The Lorentz force describes the motion of a charged *particle* in electromagnetic fields (see [3] , p. 51). Maxwell equations introduce a new concept called *field.* The Lorentz force and Maxwell equations are *differential equations*. As stated above, these equations describe the state and the time evolution of a classical system of charged particles and electromagnetic fields.

2.3. Relativistic Mechanics

The theory of special relativity was published in year 1905, which is about 40 years after the formulation of Maxwell equations. It turns out that Maxwellian electrodynamics is compatible with special relativity. On the other hand, Newtonian mechanics is the low-velocity limit of relativistic mechanics. Section 2 of [3] presents the laws of relativistic mechanics. Here the Lagrangian of a free particle is

$L=-m\sqrt{1-{v}^{2}}.$ (5)

The power series expansion of the square root of (5) shows that its low-velocity limit agrees with the corresponding expression (2) of Newtonian mechanics. The Lorentz force (4) is a relativistic expression, and it shows that also the relativistic mechanics theory of a charged particle takes the form of differential equations.

2.4. General Relativity

The next development is the theory called general relativity (GR). This is a theory that describes the time evolution of a system of objects that are affected by gravitational interactions. The Einstein equations of the gravitational fields are (see [3] , p. 297)

${R}_{\mu \nu}-\frac{1}{2}{g}_{\mu \nu}R=8\pi k{T}_{\mu \nu}.$ (6)

Here the second rank curvature tensor ${R}_{\mu \nu}$ depends on the metric ${g}_{\mu \nu}$ and its derivatives (see [3] , sections 91, 92), k is the gravitational constant, and ${T}_{\mu \nu}$ is the energy-momentum tensor of particles and electromagnetic fields. The corresponding equation of a particle in a gravitational field is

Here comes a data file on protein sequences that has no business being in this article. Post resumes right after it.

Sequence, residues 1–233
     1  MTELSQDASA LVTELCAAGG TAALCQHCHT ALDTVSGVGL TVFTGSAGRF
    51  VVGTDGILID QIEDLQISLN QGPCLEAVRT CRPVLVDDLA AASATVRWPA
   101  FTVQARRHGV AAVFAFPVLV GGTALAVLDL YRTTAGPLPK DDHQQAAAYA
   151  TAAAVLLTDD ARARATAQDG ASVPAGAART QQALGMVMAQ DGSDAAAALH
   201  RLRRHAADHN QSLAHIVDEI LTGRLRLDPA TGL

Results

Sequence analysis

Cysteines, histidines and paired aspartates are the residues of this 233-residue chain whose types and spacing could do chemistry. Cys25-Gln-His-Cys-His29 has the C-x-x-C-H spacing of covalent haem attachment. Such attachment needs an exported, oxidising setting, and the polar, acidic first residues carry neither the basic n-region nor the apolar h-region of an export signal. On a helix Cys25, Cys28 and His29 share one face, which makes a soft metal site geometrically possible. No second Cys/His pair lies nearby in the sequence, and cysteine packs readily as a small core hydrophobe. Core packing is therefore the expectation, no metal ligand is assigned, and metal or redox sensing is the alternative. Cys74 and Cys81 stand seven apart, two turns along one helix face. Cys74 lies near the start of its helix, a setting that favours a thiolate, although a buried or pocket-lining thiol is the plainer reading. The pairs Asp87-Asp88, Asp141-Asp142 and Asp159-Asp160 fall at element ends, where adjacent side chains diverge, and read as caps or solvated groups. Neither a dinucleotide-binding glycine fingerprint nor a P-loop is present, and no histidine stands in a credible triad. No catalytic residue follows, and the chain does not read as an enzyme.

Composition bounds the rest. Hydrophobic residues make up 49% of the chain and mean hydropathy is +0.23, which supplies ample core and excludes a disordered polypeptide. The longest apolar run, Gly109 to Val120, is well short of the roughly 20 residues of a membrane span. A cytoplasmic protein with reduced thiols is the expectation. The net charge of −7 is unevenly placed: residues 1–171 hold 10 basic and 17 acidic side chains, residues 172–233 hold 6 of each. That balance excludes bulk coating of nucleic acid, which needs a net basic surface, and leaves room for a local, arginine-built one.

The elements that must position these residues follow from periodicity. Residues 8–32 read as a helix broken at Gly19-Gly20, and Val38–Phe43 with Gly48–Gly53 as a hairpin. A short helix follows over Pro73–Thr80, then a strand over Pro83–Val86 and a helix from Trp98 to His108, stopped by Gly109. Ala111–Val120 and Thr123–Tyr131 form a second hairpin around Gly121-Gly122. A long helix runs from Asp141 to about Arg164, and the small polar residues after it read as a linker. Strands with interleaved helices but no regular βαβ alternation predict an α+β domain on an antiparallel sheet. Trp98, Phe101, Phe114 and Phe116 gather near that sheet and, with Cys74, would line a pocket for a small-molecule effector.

${a}^{\mu}={\Gamma}_{\alpha \beta}^{\mu}{u}^{\alpha}{u}^{\beta},$ (7)

where ${\Gamma}_{\alpha \beta}^{\mu}$ denotes the Christoffel symbol, ${u}^{\alpha}$ and ${a}^{\mu}$ denote the 4-velocity and the 4-acceleration, respectively (see [3] , p. 264).

This information shows that GR corresponds to classical electrodynamics: The Einstein Equation (6) of the gravitational field correspond to Maxwell equations of the electromagnetic fields (3), and (7) corresponds to the Lorentz force (4). Each of these equations is a differential equation. Their solutions determine the time evolution of the system. The fit of these solutions to measurements is impressive [8] .

2.5. Quantum Mechanics

Quantum mechanics is the last theory that is examined in this list. This theory accounts for the wave properties of a massive particle. The Schroedinger equation is the quantum version of Newtonian mechanics

$i\frac{\partial \psi}{\partial t}=-\frac{1}{2m}\Delta \psi +V\left(r\mathrm{,}t\right)\psi $ (8)

(see [9] , p. 21).

The Dirac equation is the quantum version of relativistic mechanics. This equation says that the electromagnetic interaction of the electron determines its state and time evolution (see [7] , p. 11)